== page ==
MB: That is correct.  

HF: Why do you do that? 

MB: Well, I mean, I like fish. First of all, I cook almost everything pretty simply. I do like herbs and spices, but I like the ingredients to stand on their own to some extent. Fish especially, since it's, for the most part, not very strong flavored, and since it has fabulous attributes, interesting flavor, and different textures. And so on. I don't see any reason to muck about with it. Having said that, I like fish curry. I like bouillabaisse. I like stews that have fish in them, several kinds of fish where the individuality is kind of lost. But, you're right, nine times out of ten I broil it or sauté or grill it or whatever, with almost nothing on it. 

HF: In terms of the curry and the bouillabaisse that you mentioned, what fish or seafood would you use in those more flavorful dishes? 

MB: I think if the dish is really flavorful, you might as well use a fish that's not that great on its own. So, halibut — which is super mild-flavored, but firm-textured, so it can stand up to stewing; that's a really great fish in a stew. Shrimp, of course, unless you have some brilliant shrimp that's like really amazing, most of it's sort of not that flavorful, put that in a stew. But shellfish is also great in a stew because it gives off liquid and it gives off liquid that tastes good, but the shellfish itself winds up not tasting like much.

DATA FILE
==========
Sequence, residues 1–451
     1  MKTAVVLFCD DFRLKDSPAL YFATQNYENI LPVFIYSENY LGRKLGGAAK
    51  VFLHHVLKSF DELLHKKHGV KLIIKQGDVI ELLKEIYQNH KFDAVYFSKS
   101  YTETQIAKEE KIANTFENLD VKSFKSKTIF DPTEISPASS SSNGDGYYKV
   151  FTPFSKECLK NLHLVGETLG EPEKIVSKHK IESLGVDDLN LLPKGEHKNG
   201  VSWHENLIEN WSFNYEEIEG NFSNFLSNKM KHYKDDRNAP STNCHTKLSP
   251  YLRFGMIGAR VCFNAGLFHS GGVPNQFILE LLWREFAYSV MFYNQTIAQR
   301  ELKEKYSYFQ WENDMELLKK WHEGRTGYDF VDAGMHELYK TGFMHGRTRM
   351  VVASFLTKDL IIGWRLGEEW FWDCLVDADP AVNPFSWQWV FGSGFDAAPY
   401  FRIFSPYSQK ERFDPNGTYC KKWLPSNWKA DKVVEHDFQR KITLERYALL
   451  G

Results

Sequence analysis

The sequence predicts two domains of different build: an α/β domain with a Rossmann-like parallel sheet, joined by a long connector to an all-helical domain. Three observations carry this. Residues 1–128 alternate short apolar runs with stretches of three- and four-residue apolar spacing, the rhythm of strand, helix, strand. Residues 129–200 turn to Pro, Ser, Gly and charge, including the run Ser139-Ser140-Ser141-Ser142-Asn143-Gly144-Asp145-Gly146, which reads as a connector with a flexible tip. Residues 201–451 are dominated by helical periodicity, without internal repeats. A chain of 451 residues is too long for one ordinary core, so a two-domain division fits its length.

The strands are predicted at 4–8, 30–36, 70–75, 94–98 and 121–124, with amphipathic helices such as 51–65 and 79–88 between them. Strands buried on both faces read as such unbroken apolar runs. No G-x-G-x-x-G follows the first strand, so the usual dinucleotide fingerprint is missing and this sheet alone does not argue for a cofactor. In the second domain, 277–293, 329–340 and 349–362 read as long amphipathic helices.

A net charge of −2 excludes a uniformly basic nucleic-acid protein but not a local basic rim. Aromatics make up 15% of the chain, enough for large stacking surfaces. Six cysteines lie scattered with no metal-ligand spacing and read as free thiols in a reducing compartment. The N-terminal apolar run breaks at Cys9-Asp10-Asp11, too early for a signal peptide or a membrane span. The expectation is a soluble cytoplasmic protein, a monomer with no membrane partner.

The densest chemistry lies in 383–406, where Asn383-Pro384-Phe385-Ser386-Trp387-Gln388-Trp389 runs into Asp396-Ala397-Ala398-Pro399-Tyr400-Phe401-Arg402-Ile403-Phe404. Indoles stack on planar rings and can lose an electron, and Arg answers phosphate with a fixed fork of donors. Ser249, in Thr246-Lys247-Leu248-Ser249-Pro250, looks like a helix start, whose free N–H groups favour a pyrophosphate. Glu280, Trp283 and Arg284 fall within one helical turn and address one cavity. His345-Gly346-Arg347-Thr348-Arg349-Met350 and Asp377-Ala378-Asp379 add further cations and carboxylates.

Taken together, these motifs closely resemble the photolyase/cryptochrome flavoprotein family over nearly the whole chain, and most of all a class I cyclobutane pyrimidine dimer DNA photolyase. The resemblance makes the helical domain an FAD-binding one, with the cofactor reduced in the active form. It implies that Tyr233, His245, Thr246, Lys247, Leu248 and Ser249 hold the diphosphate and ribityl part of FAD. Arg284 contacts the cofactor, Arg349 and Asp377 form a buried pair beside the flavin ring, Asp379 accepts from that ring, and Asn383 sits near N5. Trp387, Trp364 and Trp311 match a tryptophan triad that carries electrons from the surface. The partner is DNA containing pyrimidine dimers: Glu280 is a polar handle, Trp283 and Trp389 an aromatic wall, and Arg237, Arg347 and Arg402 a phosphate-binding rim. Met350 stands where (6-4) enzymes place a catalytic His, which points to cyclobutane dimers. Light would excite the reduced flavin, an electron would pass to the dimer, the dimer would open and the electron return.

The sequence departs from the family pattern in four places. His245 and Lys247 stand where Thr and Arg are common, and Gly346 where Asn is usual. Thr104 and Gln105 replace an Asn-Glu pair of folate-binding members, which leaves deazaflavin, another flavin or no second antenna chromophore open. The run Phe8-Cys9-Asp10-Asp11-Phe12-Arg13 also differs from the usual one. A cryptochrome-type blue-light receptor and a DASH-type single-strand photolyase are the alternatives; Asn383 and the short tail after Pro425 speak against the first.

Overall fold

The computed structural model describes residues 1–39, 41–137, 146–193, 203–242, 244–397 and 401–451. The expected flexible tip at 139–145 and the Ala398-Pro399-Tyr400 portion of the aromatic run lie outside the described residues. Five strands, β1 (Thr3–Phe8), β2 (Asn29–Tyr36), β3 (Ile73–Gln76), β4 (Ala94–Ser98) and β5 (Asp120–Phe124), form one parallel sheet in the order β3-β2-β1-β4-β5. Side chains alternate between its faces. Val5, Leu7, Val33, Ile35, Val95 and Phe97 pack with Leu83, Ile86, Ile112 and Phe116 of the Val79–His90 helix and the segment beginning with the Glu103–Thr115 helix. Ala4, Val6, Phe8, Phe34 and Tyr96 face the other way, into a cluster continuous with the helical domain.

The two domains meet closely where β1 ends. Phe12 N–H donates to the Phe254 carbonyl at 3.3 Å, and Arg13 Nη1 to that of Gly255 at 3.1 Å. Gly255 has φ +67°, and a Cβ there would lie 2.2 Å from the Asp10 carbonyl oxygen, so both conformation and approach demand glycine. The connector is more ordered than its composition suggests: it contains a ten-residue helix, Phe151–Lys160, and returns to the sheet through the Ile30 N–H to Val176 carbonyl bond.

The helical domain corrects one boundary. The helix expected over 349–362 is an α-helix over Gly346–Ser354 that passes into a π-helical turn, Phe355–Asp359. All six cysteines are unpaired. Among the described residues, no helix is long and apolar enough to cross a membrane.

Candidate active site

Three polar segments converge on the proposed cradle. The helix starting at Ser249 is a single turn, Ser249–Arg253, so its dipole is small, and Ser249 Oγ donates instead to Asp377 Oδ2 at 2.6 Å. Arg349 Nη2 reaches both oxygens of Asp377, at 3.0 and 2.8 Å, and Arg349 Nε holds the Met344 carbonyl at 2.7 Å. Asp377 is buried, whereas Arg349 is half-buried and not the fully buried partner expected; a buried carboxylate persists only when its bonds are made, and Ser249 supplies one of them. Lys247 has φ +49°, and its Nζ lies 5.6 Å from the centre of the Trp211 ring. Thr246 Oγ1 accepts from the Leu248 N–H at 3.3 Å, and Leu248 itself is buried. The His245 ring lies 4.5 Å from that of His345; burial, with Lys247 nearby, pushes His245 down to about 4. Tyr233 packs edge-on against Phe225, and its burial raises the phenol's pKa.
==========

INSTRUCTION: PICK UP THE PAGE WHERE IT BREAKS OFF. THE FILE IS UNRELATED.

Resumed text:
HF: What advice do you have for home cooks who are intimidated by cooking seafood and getting it right? 

 

“But as the years have gone by, my experiences have taught me that there are fish that are better when you cook them for a long time. So you have to learn that somehow, either through experience or through reading.” 

 

MB: Well, I mean, I would get a cookbook. Unless you have somebody you can trust to tell you what to do, you need advice from somewhere. It used to seem simpler to me because I'd always say, "don't overcook." But as the years have gone by, my experiences have taught me that there are fish that are better when you cook them for a long time. So you have to learn that somehow, either through experience or through reading. So, most fish can be treated pretty much the same and most fish shouldn't be overcooked. And that's sound starting out advice, but for details you either need a guru or a cookbook. And I think keep things simple. Really with fish, buying is more important than cooking. Because if you start with a great piece of fish, I mean, yes, you could screw it up, but chances are, you're gonna wind up with something good.